Eric Bohlman speaks eloquently regarding the damned bell curve
requirements which can inflict such pain on an organization by
necessitating that there be some "bad" among the "good". As mentioned in
another post (Thomas Benjamin) I offered that there are usually few good
metrics which would provide justification (quantifiable) for telling
someone across the desk that they are "bad" in relation to "our
standards", when the standards themselves are flawed in the first place.
Bell Canada found out that they were not as aware of the "facts" as they
might have been some years ago. Appraisals were breeding unhappiness among
the system's operators in that too many were falling "outside" the limits
of the time allotted for calls to be completed. A project was begun to
deal with the causes and over the period of a year the system was in the
main found to be "in balance", with the notable changes allowing the
operators to deal with the problems of the call as they felt necessary.
This proved to be within the control limits as a group, not as individuals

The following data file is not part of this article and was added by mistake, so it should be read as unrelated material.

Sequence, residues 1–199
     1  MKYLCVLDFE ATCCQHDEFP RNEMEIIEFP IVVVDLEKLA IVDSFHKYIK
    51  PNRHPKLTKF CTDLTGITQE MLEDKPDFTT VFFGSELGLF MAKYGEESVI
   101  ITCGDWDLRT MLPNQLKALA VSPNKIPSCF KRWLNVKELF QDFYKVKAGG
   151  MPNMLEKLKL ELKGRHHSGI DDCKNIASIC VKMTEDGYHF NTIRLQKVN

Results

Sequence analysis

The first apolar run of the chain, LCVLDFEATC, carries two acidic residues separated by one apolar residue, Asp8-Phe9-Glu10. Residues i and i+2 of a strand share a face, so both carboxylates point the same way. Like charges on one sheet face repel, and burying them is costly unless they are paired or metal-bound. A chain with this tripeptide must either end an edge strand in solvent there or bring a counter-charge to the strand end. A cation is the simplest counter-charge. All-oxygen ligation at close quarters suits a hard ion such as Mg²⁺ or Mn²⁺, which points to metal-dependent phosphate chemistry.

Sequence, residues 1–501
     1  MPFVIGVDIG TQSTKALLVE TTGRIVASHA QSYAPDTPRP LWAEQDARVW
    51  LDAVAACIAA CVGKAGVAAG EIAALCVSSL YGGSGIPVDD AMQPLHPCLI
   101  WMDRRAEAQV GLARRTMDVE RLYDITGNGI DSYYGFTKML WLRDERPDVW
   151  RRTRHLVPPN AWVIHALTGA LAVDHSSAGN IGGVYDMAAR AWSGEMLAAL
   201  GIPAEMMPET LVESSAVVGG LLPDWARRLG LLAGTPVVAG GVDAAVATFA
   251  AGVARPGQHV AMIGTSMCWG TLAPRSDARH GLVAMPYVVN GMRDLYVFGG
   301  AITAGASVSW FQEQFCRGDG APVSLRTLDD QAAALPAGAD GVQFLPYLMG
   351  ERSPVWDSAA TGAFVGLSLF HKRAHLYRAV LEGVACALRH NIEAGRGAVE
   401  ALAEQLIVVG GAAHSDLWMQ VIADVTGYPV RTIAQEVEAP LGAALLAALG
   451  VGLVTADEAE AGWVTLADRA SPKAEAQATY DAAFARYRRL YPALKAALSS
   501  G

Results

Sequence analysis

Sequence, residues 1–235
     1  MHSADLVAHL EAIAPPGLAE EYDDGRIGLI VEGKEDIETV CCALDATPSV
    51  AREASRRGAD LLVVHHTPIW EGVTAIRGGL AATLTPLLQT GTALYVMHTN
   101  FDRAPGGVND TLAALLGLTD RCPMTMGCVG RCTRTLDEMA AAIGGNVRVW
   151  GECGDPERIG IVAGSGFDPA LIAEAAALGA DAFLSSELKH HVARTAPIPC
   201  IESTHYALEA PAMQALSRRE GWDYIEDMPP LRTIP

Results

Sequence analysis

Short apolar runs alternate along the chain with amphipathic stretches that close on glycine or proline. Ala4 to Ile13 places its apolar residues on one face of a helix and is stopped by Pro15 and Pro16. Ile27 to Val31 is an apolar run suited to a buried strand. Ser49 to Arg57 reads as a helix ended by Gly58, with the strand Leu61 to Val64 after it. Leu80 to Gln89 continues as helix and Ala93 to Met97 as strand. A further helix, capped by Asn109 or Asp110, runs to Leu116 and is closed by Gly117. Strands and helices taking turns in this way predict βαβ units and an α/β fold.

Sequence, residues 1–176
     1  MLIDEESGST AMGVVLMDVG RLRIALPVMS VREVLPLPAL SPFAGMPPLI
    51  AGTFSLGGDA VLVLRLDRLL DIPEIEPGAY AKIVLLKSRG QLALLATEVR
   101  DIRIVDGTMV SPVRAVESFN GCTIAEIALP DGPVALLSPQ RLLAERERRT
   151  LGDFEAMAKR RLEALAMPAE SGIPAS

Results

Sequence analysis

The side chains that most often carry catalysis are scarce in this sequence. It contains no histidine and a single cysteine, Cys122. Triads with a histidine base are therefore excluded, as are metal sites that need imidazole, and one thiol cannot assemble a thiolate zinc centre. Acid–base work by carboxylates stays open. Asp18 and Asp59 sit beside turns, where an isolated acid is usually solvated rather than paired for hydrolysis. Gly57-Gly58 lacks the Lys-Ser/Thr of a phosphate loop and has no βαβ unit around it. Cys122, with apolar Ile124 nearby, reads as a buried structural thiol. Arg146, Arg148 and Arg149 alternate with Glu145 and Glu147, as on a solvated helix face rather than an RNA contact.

being "inspected" by management.
Too few companies allow for a bad hair day, but too many note that one has
occurred today, as if it had meaning over the course of a whole year, or
whether it had true meaning at all in the context of the system as a
whole. Yet this is what occurs in too many performance appraisal
situations. Flawed thinking (assumptions/conclusions) by management using
inaccurate data, leading to anger and hostility, conflict and
confrontation, not cooperation and contribution by the employees. This is
the great challenge in too many organzations today, as Eric points out.
Regards, John Constantine Rainbird Management Consulting Santa Fe, NM http://www.trail.com/~rainbird
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